Clad in a saffron cloak, this yoga guru wriggled his way to fame. Every time he would coil his limbs in impossible positions and squirm his belly, a collective appreciative sigh would run through his camps. Before long, this man became a household name, a telegenic personality and a crusader for a healthy lifestyle. Today, he runs a magnanimous business of fast-moving consumer goods that is increasingly becoming popular in a cutthroat marketing arena, sending rival Fast Moving Consumer Goods (FMCG) companies trembling.
Baba Ramdev, born Ramu Yadav, conceived the idea of his flagship project to promote and make available, yoga and ayurveda to millions across the globe. His modest plan to make ayurvedic healthcare accessible to all was celebrated by followers and non-followers alike. Consumers soon took to his wide array of “safe” ayurvedic products – from toothpaste to dish-washing bar and noodles to hair-care products.
Unlike those offered by other ascetics that have a spiritual resonance, Patanjali’s you-name-it-we-have-it products have a commercial value attached to them. And much like other consumer goods, Patanjali products come with a price too. A price so self-effacing, it will satiate your ayurvedic hunger. The products have given consumers a sense of nostalgia and homely longing – sans artificial flavours or fragrance. The chemical-free products are seldom advertised and there is hardly any need, with older generations in almost all families vouching for them.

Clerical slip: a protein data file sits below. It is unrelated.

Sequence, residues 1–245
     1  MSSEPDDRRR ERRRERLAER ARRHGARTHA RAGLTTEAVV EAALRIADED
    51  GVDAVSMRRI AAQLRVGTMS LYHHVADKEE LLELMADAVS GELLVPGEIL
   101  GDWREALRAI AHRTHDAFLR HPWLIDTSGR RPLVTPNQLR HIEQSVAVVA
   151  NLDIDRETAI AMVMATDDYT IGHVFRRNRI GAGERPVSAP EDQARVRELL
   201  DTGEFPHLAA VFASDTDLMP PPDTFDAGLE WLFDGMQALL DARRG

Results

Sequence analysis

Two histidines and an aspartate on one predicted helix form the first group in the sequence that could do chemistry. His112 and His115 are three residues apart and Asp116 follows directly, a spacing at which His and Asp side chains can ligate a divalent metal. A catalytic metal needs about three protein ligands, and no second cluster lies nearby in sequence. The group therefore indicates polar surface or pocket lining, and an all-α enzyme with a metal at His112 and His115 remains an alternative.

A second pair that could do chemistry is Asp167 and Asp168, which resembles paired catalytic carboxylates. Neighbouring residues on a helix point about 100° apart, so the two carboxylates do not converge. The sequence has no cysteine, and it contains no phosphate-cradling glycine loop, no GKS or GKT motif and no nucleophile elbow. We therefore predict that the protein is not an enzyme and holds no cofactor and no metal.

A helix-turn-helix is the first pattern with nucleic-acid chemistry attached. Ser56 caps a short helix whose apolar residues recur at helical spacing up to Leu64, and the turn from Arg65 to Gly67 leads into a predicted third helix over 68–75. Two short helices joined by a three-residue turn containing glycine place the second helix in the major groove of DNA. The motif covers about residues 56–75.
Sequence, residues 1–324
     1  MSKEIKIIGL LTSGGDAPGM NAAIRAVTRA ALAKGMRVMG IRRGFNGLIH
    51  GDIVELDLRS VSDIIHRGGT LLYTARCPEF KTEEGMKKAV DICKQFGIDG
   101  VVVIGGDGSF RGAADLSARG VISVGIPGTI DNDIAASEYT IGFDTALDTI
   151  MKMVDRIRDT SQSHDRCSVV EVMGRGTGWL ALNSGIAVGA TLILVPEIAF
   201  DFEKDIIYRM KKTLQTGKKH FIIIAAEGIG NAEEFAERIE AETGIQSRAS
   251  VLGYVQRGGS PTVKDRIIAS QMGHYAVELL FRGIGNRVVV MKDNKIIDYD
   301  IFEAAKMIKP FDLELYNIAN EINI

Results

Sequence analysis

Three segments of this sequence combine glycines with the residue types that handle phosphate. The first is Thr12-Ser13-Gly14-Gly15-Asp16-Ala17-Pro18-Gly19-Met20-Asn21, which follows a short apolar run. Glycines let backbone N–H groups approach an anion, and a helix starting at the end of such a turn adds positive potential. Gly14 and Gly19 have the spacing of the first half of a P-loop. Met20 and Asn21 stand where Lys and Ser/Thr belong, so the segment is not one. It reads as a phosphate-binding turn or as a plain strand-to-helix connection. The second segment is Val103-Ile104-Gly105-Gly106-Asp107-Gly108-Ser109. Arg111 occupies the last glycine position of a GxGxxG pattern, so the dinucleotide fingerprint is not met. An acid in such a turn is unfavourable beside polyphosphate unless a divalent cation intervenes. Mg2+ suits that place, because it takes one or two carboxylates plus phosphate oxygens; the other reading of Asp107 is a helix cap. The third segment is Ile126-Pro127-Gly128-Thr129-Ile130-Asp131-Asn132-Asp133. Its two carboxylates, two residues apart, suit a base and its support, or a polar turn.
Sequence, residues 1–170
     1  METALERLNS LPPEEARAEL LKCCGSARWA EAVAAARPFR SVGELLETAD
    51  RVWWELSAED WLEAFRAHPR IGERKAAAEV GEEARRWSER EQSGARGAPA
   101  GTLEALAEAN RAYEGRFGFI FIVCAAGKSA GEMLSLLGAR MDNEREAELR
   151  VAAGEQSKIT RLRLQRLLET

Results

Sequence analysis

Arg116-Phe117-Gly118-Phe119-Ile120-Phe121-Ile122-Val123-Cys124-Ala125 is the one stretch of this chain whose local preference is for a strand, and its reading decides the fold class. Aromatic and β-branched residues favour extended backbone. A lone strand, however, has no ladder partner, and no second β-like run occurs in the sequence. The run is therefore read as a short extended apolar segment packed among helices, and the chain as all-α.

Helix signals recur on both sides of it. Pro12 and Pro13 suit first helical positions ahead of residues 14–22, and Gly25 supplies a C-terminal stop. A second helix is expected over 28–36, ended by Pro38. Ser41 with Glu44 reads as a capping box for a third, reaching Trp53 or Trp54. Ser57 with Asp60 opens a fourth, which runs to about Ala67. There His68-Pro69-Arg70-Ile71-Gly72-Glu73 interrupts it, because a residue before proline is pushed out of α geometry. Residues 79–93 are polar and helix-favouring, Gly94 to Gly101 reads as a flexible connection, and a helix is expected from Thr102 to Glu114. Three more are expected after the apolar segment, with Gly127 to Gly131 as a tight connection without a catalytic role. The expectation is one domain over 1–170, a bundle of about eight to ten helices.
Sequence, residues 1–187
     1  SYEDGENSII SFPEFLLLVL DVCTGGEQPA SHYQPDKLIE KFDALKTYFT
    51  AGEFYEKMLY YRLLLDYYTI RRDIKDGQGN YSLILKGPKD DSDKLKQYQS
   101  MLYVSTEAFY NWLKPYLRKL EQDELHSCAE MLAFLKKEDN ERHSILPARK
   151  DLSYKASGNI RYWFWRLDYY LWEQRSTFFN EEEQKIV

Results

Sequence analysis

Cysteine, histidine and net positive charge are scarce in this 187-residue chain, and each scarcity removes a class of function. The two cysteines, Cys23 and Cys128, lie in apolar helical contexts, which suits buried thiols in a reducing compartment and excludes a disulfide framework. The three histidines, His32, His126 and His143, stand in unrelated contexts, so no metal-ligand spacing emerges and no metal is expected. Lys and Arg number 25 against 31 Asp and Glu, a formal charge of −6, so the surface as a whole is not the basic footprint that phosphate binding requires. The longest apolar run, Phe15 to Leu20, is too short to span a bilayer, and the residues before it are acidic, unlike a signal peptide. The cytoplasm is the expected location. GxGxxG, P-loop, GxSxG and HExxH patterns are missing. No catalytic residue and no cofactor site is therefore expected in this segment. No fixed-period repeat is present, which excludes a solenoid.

Today, when most self-proclaimed Godmen, women and spiritual gurus are constantly doubted, and rightly so, considering the murky waters they tread, consumers are more welcoming than wary of Ramdev’s noble intention that is Patanjali. Touted as the next big profit-making thing, Patanjali Ayurved Ltd has the right numbers that are sending rival companies into a tizzy. Its revenue has quashed that of its competitors’ – Procter & Gamble, Emami and GlaxoSmithKline.
Patanjali has risen like an empire and has become a phenomenon. The evolution happened step-by-step. Ramdev made for himself, a market. He carved his niche as a yoga guru, went on to become a politician, saw through his travails and introduced Patanjali to the market. When most FMCGs employed eggheads, Patanjali hired a modest and a sociable staff. Ramdev has made it clear that his brainchild, with its spectrum of products, will be bereft of classical marketing. His is an example of intelligent presentation of products, of honest claims. No wonder the everyday household has recognized a brand, fashioned by a genius who is here to stay.